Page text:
The USDA’s January WASDE report continues forecasting very big domestic Meat supplies for 2016. Cheaper Soybean Meal prices will reduce livestock production costs in 2016. Unchanged Steer prices with lower Farm level Hogs but higher Broiler Prices forecast for 2016 from a month ago.
January’s USDA WASDE report forecast expanded further the 2016 Red Meat and Poultry Per Capita forecast to 213.6# vs. a year ago at 210.9#. Increases were forecast for Beef, Pork and particularity for Turkey production due to last year’s Bird Flu outbreaks now has passed.
Fed Steer prices for 2016 remained unchanged from the previous month at a mid- point forecast at $137.00 per cwt at 95.5%of a year ago. Beef Imports were scaled back to only 84.4% of a year ago with Beef exports expanding by +7.2% year-over-year to 2,475 million pounds, carcass weight; the U.S. will continue to be a NET Beef importer in 2016. For 2016, Beef imports are forecast to shrink more than -12% with a small expansion see for Beef exports, up +7%.
Market Hog prices were reduced by -$1.00 per cwt. for 2016 with expanded domestic Pork availability. The U.S. Red Meat sector is likely to be challenged to expand meat exports substantially in 2016 due to a very strong US$ and slower worldwide growth rates. We expect the U.S. Pork sector will continue to expand Pork Output due to the trend to record high Pigs per litter.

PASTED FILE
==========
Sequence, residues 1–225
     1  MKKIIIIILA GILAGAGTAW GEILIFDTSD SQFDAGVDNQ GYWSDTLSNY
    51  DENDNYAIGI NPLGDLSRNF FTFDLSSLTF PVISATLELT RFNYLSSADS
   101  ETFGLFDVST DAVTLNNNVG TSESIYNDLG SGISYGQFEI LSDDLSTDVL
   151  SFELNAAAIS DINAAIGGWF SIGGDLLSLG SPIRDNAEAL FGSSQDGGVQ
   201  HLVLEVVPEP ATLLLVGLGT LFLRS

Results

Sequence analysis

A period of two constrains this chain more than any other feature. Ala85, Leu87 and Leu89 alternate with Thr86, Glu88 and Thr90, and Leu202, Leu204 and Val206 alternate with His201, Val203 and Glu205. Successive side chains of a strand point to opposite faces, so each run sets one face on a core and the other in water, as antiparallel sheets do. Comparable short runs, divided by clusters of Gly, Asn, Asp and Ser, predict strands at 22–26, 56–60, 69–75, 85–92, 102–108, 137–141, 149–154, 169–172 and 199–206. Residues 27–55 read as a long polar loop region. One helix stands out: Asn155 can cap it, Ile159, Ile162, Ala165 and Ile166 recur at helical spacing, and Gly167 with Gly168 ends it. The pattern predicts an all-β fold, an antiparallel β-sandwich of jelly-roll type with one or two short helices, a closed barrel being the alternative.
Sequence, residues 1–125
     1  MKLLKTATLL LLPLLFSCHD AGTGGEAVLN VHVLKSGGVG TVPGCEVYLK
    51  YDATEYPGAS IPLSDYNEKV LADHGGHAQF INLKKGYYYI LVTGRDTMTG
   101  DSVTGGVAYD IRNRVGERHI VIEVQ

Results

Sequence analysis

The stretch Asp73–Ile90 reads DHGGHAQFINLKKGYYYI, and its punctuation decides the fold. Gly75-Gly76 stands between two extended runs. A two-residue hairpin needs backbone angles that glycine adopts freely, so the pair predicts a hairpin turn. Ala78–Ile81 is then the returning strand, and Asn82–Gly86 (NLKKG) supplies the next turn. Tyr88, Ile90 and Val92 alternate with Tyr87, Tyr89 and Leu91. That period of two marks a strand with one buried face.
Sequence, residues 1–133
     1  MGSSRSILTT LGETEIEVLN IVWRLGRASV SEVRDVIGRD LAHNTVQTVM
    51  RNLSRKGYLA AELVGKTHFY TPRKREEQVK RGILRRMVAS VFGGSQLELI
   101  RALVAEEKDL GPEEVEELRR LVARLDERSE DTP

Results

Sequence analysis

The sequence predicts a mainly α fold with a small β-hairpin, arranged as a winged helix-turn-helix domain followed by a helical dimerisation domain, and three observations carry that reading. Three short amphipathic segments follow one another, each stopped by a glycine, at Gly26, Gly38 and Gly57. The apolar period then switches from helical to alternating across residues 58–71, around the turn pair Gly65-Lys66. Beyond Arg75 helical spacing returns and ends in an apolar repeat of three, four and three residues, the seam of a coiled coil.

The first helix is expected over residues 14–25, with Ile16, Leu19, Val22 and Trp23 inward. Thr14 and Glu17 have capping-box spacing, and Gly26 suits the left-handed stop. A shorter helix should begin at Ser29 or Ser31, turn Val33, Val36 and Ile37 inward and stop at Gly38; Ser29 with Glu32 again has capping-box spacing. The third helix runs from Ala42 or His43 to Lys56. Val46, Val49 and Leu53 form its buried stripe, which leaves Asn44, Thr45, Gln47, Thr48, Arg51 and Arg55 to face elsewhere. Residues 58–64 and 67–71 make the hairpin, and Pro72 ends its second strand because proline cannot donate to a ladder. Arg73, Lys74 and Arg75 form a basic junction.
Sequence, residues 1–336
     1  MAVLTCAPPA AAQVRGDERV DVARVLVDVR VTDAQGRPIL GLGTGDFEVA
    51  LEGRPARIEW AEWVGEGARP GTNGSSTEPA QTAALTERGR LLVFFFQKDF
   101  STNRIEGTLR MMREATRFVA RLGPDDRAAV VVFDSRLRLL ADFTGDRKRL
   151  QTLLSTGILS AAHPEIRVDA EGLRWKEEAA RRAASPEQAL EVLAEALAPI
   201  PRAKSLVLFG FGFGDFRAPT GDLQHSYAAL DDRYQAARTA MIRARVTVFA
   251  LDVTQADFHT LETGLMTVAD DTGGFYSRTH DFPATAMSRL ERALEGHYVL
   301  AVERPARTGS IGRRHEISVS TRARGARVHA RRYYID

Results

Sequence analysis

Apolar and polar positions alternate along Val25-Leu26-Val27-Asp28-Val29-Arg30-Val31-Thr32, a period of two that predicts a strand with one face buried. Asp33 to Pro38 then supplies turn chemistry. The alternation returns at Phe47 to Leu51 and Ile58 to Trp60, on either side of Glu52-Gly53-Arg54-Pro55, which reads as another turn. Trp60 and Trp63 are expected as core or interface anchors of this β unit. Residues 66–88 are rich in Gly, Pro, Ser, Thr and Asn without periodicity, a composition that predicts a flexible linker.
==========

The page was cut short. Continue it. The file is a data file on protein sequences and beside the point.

Total Red Meat and Poultry Per Capita availability for 2016 is forecast to expand to 213.6 in 2016, up +1.3% above last year. THIS IS SEEN AS A VERY AMPLE MEAT AVAILABILITY FOR CONSUMERS, we expect this will pressure livestock and poultry price levels in 2016.
Lower Soybean Meal values forecast by the January WASDE report should help lower livestock and Poultry feeding costs. Also, worldwide Total Grain stocks at the end of MY 2015/16 are near Record high levels. Brazil has developed several grain export ports on the Amazon River and the expansion proposed for the Panama Canal likely will allow cheaper grains and oilseed seed imports into the Eastern U.S. states than from the interior of the U.S. in coming years.
By: John Ginzel